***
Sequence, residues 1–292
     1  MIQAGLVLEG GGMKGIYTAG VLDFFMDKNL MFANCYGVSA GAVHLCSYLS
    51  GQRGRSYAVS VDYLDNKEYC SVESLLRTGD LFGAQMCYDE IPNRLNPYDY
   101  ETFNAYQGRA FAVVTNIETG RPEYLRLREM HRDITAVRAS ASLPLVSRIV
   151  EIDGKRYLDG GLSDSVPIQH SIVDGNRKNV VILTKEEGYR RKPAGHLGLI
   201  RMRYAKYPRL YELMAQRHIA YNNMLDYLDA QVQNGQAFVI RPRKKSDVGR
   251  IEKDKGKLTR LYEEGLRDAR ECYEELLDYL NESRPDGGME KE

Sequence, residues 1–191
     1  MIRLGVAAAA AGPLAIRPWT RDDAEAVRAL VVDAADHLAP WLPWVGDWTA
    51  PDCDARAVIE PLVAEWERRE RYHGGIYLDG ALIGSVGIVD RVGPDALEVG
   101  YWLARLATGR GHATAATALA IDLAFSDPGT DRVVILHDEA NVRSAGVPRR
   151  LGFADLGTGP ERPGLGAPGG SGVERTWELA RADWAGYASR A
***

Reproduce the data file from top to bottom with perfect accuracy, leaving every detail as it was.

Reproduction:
Sequence, residues 1–292
     1  MIQAGLVLEG GGMKGIYTAG VLDFFMDKNL MFANCYGVSA GAVHLCSYLS
    51  GQRGRSYAVS VDYLDNKEYC SVESLLRTGD LFGAQMCYDE IPNRLNPYDY
   101  ETFNAYQGRA FAVVTNIETG RPEYLRLREM HRDITAVRAS ASLPLVSRIV
   151  EIDGKRYLDG GLSDSVPIQH SIVDGNRKNV VILTKEEGYR RKPAGHLGLI
   201  RMRYAKYPRL YELMAQRHIA YNNMLDYLDA QVQNGQAFVI RPRKKSDVGR
   251  IEKDKGKLTR LYEEGLRDAR ECYEELLDYL NESRPDGGME KE

Sequence, residues 1–191
     1  MIRLGVAAAA AGPLAIRPWT RDDAEAVRAL VVDAADHLAP WLPWVGDWTA
    51  PDCDARAVIE PLVAEWERRE RYHGGIYLDG ALIGSVGIVD RVGPDALEVG
   101  YWLARLATGR GHATAATALA IDLAFSDPGT DRVVILHDEA NVRSAGVPRR
   151  LGFADLGTGP ERPGLGAPGG SGVERTWELA RADWAGYASR A